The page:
HEALTH & WELLNESS

Can't keep off the pounds? Make sure you're getting enough sleep

You exercise, don't overeat, maybe you've even tried going gluten-, flour-, sugar- or meat-free — but you still can't drop the extra pounds.

A study published earlier this year in the journal Sleep joins mounting research suggesting that the reason for the extra weight might be a lack of sleep.

Why? For one, studies show that the sleep-deprived — those who fall short of the recommended seven to nine hours of sleep each night — eat about an additional 200 to 300 calories per day, said Erin Hanlon, a research associate in endocrinology, diabetes and metabolism at the University of Chicago:

"We found people who are sleep-deprived have increased eating and increased hunger and craving for high-carb, high fat-foods."

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A lack of sleep also alters your hunger-regulating hormones, ghrelin and leptin.

"Leptin signals satiety. … Following sleep restriction your leptin is lower. So sleep deprivation is associated with telling us we're hungry," Hanlon said. "Ghrelin is the exact opposite — it drives hunger. So when people are sleep-restricted, ghrelin goes up. Sleep deprivation drives these two things to tell us we're hungry."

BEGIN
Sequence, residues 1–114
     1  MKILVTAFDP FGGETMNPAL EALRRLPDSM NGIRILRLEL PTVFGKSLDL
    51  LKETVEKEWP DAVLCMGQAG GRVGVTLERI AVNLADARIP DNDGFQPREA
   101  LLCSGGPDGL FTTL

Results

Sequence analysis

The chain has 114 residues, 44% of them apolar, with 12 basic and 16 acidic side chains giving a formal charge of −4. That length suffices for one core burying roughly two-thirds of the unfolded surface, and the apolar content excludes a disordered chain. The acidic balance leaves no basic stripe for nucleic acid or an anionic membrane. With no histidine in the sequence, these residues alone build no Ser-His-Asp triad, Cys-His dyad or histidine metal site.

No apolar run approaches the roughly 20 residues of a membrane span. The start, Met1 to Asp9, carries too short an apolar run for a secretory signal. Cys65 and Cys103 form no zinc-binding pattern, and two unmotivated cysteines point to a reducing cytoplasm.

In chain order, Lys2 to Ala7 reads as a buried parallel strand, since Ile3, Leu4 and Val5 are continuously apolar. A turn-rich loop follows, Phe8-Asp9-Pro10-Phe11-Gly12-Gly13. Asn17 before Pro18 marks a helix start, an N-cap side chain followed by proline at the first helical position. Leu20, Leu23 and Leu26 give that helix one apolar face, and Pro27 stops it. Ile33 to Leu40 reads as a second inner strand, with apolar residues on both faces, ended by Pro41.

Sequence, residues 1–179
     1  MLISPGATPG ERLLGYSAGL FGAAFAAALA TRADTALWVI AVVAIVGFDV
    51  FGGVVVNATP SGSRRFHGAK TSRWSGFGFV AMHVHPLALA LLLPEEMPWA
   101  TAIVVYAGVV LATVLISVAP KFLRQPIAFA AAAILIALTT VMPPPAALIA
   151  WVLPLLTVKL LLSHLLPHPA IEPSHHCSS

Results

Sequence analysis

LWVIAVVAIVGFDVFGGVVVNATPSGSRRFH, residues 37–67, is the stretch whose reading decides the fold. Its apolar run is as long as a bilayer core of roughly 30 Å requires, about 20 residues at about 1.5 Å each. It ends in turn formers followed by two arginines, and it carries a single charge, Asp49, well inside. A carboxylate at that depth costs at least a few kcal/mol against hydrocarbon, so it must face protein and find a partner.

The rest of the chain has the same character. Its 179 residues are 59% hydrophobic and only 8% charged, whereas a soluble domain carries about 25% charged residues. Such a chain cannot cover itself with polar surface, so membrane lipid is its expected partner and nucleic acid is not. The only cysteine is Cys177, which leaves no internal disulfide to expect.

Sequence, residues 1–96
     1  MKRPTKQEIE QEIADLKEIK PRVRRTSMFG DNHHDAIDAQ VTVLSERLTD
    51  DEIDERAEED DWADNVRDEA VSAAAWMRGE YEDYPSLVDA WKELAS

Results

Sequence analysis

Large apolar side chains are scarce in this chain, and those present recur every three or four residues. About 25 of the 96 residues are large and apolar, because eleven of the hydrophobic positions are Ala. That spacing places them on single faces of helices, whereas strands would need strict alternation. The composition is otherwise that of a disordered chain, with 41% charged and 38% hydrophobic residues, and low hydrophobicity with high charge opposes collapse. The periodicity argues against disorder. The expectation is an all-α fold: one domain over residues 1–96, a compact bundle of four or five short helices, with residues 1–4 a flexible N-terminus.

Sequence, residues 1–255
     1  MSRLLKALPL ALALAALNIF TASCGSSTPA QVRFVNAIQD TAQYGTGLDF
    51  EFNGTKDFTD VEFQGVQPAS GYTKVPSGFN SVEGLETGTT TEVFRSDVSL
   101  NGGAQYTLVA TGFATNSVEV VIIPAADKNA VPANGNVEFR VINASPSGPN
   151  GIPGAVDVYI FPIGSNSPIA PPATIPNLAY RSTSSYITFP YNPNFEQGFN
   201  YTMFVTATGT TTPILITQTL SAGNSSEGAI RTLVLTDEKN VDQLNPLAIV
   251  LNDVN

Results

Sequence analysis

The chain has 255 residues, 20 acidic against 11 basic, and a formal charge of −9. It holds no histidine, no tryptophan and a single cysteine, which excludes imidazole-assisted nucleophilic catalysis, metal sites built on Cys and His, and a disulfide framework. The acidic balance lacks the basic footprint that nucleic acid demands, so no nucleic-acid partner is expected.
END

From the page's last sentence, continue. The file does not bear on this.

Sleep deprivation can also increase a risk of diabetes.

"There is extensive literature showing that sleep restriction is associated with impaired glucose metabolism and an increased risk of Type 2 diabetes," Hanlon said, adding that even short-term sleep restriction significantly reduces insulin sensitivity.

And then, of course, you eat more in part because you're awake longer.

"You don't need a lot of extra calories to stay up longer," Hanlon said.

But if you're a compulsive overeater, the extra hours awake can lead to more snacking and eating.

health@latimes.com.

Copyright © 2016, Los Angeles Times
A version of this article appeared in print on March 26, 2016, in the Features section of the Los Angeles Times with the headline "Can't keep off extra pounds? Perhaps you need extra ZZZs" — Today's paperToday's paper | Subscribe
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